Part of my visceral reaction to that story has to do with my personal history working at a public library that had a regressive attitude towards people talking about things online. I was disciplined for blogging about work on my personal time. The disciplinary hearing involved the director of our library telling me I was not fit to be a librarian and shouldn’t go to library school because of my disrespectful attitude. This experience led to my disclaimer/explanation page you can see linked to on my library blog’s on Opinions page, and you can read some of my other ruminations about privacy and the like when that former library actually created a social media policy because of me. That link includes a response to a danah boyd article.
I wrote a post about creating stakes to fight apathy on Librarianautica.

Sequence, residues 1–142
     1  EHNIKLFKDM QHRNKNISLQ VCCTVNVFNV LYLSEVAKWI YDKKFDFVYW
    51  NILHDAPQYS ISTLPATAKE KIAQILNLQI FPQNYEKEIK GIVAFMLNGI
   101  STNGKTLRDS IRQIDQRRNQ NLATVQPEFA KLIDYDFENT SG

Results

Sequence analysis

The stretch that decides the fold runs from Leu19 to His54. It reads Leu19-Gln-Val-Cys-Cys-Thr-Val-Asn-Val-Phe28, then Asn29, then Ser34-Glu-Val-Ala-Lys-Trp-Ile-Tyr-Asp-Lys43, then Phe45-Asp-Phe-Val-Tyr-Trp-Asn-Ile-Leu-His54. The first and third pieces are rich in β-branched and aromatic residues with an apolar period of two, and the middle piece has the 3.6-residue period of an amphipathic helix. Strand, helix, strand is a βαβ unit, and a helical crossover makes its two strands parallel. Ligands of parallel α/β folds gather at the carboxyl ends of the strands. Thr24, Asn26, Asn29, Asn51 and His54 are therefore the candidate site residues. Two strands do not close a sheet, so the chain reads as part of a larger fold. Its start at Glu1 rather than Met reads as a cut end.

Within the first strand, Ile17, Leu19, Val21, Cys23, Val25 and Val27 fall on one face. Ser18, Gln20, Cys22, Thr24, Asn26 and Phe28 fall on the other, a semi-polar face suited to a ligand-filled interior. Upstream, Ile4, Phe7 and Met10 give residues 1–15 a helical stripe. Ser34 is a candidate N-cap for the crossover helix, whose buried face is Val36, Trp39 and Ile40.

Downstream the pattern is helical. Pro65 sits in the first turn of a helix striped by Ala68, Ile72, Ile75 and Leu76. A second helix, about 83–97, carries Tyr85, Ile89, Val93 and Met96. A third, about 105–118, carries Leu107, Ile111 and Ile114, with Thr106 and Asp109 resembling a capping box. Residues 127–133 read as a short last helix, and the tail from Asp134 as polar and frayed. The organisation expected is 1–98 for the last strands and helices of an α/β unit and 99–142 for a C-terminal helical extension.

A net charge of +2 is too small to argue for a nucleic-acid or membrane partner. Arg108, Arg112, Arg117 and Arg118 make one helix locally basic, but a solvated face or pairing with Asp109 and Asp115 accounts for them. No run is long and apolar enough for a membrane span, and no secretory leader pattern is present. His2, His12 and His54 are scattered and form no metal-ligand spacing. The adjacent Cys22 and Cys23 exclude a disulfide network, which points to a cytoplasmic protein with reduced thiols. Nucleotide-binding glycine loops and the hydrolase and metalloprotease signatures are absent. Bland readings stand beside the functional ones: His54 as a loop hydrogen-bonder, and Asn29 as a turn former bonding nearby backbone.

When I looked up Education 2.0 the bookmarkable stuff I found was a defunct Ning site (and an active one for Art Education) references to the Khan Academy and some interesting articles from Wired in 2007 when they were doing an Education 2.0 spotlight, plus a Neurologist talking about an Education 2.0 that hasn’t been achieved because computers are still an afterthought. They all had to do with interaction and participation through digital media, so that’s good and consistent, I guess. I liked the fact that two Ning groups were noticeable since I think of them as one of the interesting upstart social media companies that seems to have melted away into corporate blandness. (I may be completely misreading the current state of Ning. If so, and you care, I’m sorry.)